According to the Cincinnati method, police should now zero-in on Trayvon's family and chums because they associated with a dangerous thief and street thug - Trayvon Martin.  And of course, their negligence might have turned Trayvon into a criminal as it typically does with wayward youths.

If cops across America started turning up the heat on the associates and family members of gang members, street thugs, juvenile delinquents, and criminals of all sorts, they could create a new peer pressure.  Peers would pressure associates and family members to BEHAVE like GOOD CITIZENS rather than as criminals.  Parents would do a better, more responsible job of parenting.  And we would live in a better, safer America.

Criminals would ultimately realize that whom they know could become whom they blow, so to speak... in prison.

Lest my Libertarian readers think I have lost my mind to suggest such privacy-invading scrutiny which actually does suppress crime, I shall explain  Every state has a law criminalizing accessory-after-the-fact behavior:  complicity in the crime by virtue of not stopping it or reporting it.  See Florida Statute 777.03 and 18 USC 4 (misprision of felony) for examples.  People who don't report felonious behavior of friends and relatives thereby become a party to it.  That gives cops have the right to scrutinize them, document their activities, and haul them in for questioning.  Most will tire of sitting under the cops' "microscope" and dissuade the felonious behavior of family and friends.

This does not constitute a mere theory.  Kansas City wants to do it because it has dramatically reduced crime in Cincinnati and elsewhere.  See the below news summaries.

News Items

Why Morale is Sinking in New York City's Police Department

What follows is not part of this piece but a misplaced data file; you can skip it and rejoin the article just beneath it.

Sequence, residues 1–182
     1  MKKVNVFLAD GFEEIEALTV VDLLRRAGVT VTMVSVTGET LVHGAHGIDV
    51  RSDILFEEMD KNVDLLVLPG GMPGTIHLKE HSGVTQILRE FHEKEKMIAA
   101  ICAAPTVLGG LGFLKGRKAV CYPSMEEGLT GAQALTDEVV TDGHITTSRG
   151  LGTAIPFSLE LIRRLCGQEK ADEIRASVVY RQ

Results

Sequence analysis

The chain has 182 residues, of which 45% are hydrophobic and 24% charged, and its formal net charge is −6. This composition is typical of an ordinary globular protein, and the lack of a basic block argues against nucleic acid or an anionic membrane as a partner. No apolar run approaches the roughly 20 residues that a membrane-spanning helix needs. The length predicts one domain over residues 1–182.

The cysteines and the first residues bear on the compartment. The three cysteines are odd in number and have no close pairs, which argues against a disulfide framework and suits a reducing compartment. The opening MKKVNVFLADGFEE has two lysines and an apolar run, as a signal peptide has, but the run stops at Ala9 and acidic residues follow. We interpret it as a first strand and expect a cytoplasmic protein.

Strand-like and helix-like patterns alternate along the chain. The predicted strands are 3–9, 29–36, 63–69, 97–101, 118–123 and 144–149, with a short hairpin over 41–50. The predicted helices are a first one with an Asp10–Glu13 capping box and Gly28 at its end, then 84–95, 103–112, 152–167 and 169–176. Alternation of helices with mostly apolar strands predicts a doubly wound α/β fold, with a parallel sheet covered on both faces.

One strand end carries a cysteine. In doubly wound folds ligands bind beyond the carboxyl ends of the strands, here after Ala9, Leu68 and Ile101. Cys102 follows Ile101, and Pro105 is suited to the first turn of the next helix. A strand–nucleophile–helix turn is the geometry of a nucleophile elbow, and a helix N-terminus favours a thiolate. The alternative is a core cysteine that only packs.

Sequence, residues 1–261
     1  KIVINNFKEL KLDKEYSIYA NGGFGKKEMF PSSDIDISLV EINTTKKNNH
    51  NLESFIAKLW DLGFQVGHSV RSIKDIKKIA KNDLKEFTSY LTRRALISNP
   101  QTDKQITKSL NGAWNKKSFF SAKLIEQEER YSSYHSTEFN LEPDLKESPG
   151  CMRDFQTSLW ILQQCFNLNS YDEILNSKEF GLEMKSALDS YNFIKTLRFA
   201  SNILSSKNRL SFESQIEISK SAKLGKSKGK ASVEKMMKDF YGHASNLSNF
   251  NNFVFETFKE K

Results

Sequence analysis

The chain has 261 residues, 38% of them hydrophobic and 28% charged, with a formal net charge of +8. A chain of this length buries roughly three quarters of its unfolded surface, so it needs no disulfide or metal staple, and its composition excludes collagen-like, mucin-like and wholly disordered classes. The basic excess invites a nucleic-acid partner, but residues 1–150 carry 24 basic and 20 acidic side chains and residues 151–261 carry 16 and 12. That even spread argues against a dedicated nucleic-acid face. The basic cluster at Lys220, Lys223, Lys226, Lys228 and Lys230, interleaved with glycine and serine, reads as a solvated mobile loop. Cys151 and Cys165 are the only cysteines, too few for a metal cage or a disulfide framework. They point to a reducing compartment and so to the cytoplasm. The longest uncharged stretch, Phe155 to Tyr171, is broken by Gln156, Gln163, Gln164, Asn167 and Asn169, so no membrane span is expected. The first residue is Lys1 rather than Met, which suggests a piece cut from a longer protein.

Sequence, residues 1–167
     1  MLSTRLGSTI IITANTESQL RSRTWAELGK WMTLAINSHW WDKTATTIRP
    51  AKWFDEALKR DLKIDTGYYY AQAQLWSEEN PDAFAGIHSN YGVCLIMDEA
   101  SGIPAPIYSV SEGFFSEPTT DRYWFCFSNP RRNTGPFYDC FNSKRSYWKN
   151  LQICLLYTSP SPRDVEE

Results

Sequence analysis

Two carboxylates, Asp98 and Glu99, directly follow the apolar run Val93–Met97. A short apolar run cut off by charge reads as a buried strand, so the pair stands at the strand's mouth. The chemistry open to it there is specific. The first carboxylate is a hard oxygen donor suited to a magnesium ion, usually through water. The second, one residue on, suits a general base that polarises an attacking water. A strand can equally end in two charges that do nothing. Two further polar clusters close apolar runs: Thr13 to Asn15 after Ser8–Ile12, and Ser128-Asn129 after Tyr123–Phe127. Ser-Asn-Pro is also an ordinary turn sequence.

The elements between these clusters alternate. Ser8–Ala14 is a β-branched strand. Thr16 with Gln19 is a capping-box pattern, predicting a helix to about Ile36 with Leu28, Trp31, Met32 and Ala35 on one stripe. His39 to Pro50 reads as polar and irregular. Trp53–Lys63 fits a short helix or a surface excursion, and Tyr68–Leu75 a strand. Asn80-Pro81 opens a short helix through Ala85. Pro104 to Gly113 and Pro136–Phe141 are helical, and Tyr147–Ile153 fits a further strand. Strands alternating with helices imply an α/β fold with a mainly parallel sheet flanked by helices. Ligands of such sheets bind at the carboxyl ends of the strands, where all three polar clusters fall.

The collective New York Police Department mood is surprisingly dark, reports New York magazine. The complaints aren't about the old standby, low pay; they're about the systems the department uses to bring down crime-systems fueling a bitterness that can interfere with the department's ability to keep the city safe. Disaffection from the public and anger at the department aren't universal, but they are widespread, stretching across boroughs and ranks. Cops say the acrimony is a by-product of the numbers-­obsessed systems that Commissioner Raymond Kelly has perfected. Kelly inherited CompStat, the marriage of computer-analyzed crime stats and grilling of field commanders. CompStat has filtered through every facet of the department, and making a good show at those meetings has become an obsession.

"The job is getting smaller all the time-more demands, less autonomy, less respect," a recently retired Bronx detective says. "The aggressive management culture has been really effective, but it's also extremely aggravating." Increasing the strain is the mandate to keep crime at historic lows while the department shrinks: There are 6,000 fewer cops than in 2001, owing to budget cuts. "Ninety percent of the stress on our job is internal," a twenty-year veteran says. "Crime is down as much as you can get it, you're doing as much as you can with fewer people, and if you ask for more, what you're going to get is corruption, people fudging numbers, locking people up just to do it. And that's where the city is now. Everybody's attention is so focused on the numbers nobody cares about each other. You can't. The human element is gone. It's why so many cops are so miserable."